|Ph.D Student||Goldzak Tamar|
|Subject||Interatomic Coulombic Decay in Quantum Wells|
|Department||Department of Nanoscience and Nanotechnology||Supervisors||Professor Emeritus Nimrod Moiseyev|
|Dr. Ido Gilary|
|Full Thesis text|
Interatomic/intermolecular Coulombic decay (ICD) is a very efficient and fast electron relaxation process relying on the correlation between electrons.
Resonances in quantum mechanics are met- stable states which have a finite life time. ICD is an autoionization process; the initiation state of the ICD is a Feshbach type resonance state.
In this research thesis work we focus on the ICD process in a system of two coupled quantum wells nano structure. We calculated the ICD life time using simple one-dimensional effective potential based on experimental parameters of the semiconductor QW layers, i.e., using the single-band effective-mass approximation. We control the ICD lifetime by changing the distance between the wells. Overall, as the distance between the wells decreases the ICD lifetime decreases. We found an unexpected result. By tuning the distance between the wells, such that the emitted electron is trapped in a one electron shape type resonance state, i.e. a meta-stable state in the continuum causes the ICD lifetime to be an order of magnitude smaller even at very long distances. This improves the efficiency of the ICD process. By using the formalism of non-Hermitian quantum mechanics one can engineer the system such that the ICD process will be enhanced, and can be the dominant decay process in the system.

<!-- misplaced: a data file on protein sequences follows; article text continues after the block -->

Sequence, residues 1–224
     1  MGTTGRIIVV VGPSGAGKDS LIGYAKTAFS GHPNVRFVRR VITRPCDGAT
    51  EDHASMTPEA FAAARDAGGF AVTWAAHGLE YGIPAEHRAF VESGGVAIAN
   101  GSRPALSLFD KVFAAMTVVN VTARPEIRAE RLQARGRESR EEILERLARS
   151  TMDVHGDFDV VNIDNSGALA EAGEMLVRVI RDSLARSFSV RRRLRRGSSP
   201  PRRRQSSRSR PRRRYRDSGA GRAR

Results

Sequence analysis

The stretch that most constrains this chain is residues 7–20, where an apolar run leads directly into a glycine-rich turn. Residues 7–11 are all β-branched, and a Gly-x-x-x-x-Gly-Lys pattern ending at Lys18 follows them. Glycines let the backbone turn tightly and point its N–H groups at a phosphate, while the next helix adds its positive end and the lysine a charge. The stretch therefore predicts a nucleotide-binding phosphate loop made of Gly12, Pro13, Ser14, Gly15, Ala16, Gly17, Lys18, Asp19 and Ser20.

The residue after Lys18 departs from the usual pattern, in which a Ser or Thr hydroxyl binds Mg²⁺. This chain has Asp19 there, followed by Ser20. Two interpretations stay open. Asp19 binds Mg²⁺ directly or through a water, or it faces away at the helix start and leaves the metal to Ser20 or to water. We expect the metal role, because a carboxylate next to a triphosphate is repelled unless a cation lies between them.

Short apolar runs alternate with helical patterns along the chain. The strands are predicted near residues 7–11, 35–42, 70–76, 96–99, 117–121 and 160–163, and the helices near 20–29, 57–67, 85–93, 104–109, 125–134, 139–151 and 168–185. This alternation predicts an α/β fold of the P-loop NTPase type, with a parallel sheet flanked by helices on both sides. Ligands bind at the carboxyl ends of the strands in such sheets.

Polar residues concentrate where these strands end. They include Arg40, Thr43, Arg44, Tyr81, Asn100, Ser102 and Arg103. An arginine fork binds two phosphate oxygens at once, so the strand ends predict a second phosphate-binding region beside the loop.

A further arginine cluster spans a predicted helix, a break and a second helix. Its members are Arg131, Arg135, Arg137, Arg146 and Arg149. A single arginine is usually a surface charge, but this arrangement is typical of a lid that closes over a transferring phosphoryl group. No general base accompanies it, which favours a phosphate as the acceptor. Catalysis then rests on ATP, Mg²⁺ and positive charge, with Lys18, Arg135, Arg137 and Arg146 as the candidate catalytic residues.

To justify the use of a one dimensional model for the calculation of the ICD lifetime we analyze analytically the ICD in three dimensional quantum wells model. We showed that the one dimensional model is justified under two conditions.
Based on our results we can design an experiment that will observe the ICD phenomenon in quantum wells nanostructure. This work can lead to a design of a wavelength-sensitive detector which is efficient even at low intensities.
Furthermore, in this research thesis we describe two approaches to study meta-stable states. The first approach is to tackle the problem through solving the time independent Schrödinger equation through the non-Hermitian formalism. The second approach is to use the Hermitian quantum mechanics formalism, and solve the time dependent Schrödinger equation to find the resonance states. In this work we show that for an initial wave packet localized in the interaction region, both approaches are equivalent. Given a quantum system, one can choose the approach that suits the problem in hand. We used these approaches to understand and study the ICD process.
We also study the partial width and branching ratio of a quantum system in a given resonance state. This quantum system has different open channels for decay. Partial widths are the decay rates of the resonance (metastable) state into the different open channels. In this research thesis work we present a rigorous derivation of the partial widths from the solution of a time-dependent Schrödinger equation with outgoing boundary conditions. We show that the sum of the partial widths obtained from the resonance wave function is equal to the total width.